Lessons I learned at AfrikaBurn


It has been over a few weeks since I participated in AfrikaBurn, the South African chapter of Burning Man. I say participate and not witness because as they kept explaining: “You don’t go to AfrikaBurn, you are AfrikaBurn”.

AfrikaBurn. It’s not (all) about naked people.

It might be a bit insensitive to talk about marketing, consumerism and business regarding an event that tries actively to shun all of that. They don’t even allow any money to change hands, instead you’re expected to hand out gifts and/or barter and be completely self-sufficient in every way.  It stands in beautiful ironic contrast to the big-branded corporate festivals; despite (or because of) what they are at heart, they have become one of the strongest brands in the space.

Which brings me to the first item:

People love brands

People become very loyal to brands, particularly those with a strong message, a clear voice, consistency and a community. Loyal to the point of overpaying, loyal to the point of becoming an ambassador and loyal to the point of defending the brand’s message, voice and community. Not only does this apply to the brand of AfrikaBurn, but to all the different pop-up venues around.

Despite brands being all-but banned at the event (you are even encouraged to cover your rental car’s advertising), you couldn’t help but overhear “Let’s meet at Wonky Willy’s at 10pm”, or “I’ll see you for sundowners at The Stock Exchange“. A lot of these places had a consistency of culture (and quality), a lot of effort that went into crafting their story (and space) and as the links show, they’ve garnered up a lot of likes on their Facebook pages (there is no cell phone reception at AfrikaBurn).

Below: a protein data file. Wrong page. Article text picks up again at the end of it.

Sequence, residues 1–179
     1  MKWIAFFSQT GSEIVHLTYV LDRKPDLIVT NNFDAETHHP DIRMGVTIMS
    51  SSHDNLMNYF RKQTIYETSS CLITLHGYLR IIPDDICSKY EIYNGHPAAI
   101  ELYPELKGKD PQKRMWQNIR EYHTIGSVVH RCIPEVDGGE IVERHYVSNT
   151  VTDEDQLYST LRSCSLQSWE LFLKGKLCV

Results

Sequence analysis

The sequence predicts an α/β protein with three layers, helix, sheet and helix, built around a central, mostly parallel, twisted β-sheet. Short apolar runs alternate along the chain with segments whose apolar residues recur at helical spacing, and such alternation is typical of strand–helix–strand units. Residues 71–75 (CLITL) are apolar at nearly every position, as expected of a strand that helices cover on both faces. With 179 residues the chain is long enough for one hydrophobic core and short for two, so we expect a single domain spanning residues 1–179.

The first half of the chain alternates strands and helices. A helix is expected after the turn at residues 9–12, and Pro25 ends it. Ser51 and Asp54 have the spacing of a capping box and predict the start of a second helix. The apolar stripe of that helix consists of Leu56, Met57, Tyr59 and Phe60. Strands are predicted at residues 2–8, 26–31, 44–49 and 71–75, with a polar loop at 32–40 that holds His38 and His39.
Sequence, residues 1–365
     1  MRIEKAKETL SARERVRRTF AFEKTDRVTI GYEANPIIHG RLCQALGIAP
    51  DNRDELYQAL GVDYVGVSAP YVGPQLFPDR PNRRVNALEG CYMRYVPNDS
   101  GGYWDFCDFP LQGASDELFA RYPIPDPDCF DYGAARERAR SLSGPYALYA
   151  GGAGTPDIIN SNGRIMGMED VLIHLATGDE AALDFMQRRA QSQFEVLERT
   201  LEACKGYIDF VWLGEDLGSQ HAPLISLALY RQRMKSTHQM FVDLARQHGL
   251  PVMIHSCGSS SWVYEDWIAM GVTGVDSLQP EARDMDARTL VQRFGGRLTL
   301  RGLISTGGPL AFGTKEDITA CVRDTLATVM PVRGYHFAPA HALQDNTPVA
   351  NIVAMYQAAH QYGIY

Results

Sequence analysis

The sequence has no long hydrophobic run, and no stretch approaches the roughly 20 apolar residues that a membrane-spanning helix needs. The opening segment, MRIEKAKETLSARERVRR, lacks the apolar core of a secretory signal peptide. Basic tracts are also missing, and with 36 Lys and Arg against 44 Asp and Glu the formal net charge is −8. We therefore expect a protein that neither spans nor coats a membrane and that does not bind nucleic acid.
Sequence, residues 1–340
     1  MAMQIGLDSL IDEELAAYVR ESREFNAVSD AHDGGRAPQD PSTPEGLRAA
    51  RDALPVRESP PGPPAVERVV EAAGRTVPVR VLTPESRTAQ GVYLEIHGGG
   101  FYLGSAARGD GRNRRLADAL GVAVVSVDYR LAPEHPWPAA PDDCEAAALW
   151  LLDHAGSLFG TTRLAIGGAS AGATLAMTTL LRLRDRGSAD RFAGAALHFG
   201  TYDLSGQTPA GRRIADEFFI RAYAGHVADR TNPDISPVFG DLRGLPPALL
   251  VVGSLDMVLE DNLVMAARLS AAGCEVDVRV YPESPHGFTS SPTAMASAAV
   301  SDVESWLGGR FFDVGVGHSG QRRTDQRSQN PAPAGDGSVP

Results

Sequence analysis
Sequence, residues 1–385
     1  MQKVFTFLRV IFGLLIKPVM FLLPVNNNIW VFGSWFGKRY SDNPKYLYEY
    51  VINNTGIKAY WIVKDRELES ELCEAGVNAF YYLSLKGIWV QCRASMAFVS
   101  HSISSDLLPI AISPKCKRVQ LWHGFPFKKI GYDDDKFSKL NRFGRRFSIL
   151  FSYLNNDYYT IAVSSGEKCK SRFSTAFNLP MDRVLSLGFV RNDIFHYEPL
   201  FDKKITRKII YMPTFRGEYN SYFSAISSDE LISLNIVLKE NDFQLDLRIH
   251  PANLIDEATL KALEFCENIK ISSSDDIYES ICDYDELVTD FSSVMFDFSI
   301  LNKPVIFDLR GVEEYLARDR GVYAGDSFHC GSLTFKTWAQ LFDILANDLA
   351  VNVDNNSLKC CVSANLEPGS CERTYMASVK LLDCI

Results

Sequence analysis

I’m not saying it’s a bad thing; it’s just interesting to note that people tend to find and follow the brands they associate with.

People want to belong

We are social, tribal beings and we have been that way for millions of years. Only very recently, due to vast changes in mobility, money and migration, has our way of living in and associating with tribes been disrupted. But that doesn’t mean that we don’t want to belong to the tribes we find; be it your local running group, a hackaton/meetup group or something bigger like association with people with aligned political or social ideologies. See Seth Godin’s 2009 talk on tribes on TED or read some of the many books/articles he’s published on the topic.

Once you feel you’re part of the AfrikaBurn tribe, you feel like you belong there, even if only for a few days.

People want to be challenged

And challenging it is. It’s no fairy tale to navigate a murderously rocky road for hours on end, to set up a campsite on a brutally hard patch of dry ground in the middle of the Karoo desert with no access to…anything.

I was also very apprehensive of the event: I didn’t think that I’d have a good time with a bunch of half-naked, half-baked people (or completely naked and on an intergalactic acid trip). Ultimately I was challenged in many ways and I think due to the shared hardship, I had a fantastic time.

Nudity sells

This is a bit of an anecdotal observation, but I did witness people flocking to a woman’s stand for some free dal, the very second after she completely undressed (she had the sign with her unattended stand before).